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Volume 360: debated on Thursday 9 May 1940

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asked the Minister of Agriculture whether he has any statement to make as to the steps the Government propose to take to make available adequate and suitable labour to enable farmers to carry out the war-time programme of food production?

Steps have been taken by the Government to retain as many as possible of the existing skilled workers on the land, and also to obtain other labour for agriculture. On the first of these points, the low age of reservation fixed for most agricultural occupations and the arrangements for postponement of calling up have had the effect, for the time being, of reducing to small proportions the number of agricultural workers taken into the armed Forces. As regards additional labour, a number of schemes have been prepared, some of which are already in operation. They include the recruitment of a Women's Land Army of regular workers, the organisation of gangs, and the encouragement of older boys who are leaving school to go into agriculture until they reach military age. Further proposals to assist in relieving the labour shortage are under active consideration.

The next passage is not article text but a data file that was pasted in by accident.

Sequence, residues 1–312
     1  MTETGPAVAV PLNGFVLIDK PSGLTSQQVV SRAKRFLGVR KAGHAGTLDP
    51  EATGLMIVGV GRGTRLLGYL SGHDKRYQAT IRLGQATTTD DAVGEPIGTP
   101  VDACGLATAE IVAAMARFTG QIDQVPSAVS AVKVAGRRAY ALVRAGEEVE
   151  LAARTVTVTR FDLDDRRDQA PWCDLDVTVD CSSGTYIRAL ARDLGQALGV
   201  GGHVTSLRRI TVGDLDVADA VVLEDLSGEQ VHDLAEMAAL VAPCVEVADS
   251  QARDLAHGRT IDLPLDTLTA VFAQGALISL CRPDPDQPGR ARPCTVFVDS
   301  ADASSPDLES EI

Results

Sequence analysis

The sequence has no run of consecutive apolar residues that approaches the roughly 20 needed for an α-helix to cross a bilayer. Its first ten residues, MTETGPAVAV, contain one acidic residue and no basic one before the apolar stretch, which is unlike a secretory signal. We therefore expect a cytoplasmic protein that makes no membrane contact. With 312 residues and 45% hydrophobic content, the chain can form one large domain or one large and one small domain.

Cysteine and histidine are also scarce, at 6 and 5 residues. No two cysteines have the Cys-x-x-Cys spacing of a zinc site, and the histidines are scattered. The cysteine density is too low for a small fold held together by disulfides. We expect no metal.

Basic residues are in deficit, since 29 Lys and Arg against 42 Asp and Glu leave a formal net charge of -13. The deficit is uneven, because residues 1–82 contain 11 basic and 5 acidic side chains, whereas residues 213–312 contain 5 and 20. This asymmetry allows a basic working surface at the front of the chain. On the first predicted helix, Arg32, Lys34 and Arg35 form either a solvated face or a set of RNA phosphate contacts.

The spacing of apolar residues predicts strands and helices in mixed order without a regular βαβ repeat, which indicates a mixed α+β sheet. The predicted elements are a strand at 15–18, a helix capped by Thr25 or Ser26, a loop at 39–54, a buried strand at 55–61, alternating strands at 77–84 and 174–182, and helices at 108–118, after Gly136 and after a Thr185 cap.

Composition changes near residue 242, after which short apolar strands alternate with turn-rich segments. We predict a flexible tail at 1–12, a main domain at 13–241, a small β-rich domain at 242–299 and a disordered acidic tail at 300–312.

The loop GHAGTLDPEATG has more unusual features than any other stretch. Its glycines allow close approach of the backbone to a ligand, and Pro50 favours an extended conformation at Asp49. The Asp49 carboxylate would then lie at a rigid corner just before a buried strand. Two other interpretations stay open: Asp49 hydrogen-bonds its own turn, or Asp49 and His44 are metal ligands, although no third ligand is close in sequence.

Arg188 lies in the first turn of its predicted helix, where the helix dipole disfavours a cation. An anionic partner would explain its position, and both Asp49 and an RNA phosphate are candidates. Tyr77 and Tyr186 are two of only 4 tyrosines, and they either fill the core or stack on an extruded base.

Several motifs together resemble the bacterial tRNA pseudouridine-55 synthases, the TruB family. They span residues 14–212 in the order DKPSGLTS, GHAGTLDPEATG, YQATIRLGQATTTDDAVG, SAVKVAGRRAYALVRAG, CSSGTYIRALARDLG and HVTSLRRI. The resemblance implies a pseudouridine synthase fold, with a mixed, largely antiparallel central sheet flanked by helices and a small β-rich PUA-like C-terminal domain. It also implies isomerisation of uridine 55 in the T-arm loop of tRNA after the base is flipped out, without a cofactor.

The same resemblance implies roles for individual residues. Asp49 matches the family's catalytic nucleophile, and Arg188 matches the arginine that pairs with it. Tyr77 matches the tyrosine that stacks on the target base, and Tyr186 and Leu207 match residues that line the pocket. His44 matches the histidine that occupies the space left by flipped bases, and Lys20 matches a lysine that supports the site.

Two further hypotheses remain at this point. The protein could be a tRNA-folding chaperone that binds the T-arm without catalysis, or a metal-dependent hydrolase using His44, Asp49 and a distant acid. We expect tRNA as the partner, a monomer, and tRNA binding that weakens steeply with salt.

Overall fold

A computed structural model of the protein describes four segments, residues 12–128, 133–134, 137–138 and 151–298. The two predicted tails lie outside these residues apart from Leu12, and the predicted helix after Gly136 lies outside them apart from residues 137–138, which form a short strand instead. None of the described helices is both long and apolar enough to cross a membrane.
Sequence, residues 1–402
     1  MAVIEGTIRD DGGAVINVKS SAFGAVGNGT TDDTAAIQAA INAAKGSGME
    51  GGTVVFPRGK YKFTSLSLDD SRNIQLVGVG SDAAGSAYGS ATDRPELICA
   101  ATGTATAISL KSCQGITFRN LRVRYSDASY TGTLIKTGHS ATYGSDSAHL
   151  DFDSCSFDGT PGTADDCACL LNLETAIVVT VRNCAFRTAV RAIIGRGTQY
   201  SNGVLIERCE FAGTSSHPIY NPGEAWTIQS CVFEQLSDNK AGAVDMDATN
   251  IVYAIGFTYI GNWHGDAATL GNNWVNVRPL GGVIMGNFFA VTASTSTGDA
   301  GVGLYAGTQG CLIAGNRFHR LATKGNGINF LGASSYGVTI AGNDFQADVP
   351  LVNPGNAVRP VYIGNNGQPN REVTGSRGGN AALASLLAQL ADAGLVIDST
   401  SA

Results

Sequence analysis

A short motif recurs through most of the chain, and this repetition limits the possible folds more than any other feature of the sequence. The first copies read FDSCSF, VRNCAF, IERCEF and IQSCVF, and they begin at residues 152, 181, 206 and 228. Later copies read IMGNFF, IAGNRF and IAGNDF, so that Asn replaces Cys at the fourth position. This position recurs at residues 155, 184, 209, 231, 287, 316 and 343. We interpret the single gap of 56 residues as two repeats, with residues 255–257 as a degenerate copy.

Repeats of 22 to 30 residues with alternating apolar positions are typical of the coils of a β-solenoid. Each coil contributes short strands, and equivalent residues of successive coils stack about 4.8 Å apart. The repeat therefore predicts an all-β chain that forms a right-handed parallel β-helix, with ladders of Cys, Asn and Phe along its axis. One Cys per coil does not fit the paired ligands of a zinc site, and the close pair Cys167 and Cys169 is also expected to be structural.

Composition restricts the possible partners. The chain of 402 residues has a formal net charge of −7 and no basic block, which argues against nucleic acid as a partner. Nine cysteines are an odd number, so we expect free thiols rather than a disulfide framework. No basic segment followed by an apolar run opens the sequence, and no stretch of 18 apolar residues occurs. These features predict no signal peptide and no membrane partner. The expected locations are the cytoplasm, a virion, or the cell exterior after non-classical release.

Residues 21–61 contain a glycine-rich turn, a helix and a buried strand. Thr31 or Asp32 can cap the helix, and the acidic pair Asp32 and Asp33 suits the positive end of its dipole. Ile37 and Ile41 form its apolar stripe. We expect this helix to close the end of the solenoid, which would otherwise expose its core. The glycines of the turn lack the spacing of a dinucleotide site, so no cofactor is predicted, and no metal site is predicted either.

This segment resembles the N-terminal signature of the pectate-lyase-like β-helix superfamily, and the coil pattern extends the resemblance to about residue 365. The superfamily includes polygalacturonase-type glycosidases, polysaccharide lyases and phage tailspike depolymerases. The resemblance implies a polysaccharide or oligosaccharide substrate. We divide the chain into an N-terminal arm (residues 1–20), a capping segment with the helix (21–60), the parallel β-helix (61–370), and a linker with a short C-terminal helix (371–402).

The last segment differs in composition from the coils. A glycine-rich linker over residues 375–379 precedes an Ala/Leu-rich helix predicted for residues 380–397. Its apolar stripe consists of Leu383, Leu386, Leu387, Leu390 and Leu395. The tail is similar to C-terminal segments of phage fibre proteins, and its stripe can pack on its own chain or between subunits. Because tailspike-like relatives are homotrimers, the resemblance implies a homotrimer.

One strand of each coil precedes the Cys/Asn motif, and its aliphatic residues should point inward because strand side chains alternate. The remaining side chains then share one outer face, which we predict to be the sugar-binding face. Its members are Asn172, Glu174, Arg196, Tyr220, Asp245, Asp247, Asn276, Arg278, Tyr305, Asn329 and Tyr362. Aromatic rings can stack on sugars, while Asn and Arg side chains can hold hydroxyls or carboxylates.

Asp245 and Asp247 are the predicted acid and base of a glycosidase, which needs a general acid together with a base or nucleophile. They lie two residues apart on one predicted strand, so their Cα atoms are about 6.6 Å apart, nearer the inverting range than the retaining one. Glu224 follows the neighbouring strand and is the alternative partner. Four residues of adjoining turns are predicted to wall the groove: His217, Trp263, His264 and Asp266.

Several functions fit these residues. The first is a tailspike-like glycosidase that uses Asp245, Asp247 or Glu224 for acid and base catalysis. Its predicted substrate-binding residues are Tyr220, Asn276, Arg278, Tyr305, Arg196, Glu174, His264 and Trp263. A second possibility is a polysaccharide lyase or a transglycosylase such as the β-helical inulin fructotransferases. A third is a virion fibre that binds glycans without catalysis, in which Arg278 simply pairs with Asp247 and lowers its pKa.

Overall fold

Is my right hon. and gallant Friend aware that this is a very urgent matter, and that much more must be done if the farming schemes and the obligations that farmers have been asked to undertake are to be carried out?

I fully realise the urgency. We are trying to work such schemes in conjunction with the military authorities. Every step that we can take is taken.

Are we to take it that public works contractors are instructed not to engage skilled agricultural workers; and, if so, are steps taken to see that the skilled agricultural worker is not penalised in any other way?

Are steps being taken to protect the skilled agricultural worker, who is called upon to make a financial sacrifice?

Are the Government taking all the active steps that could be taken?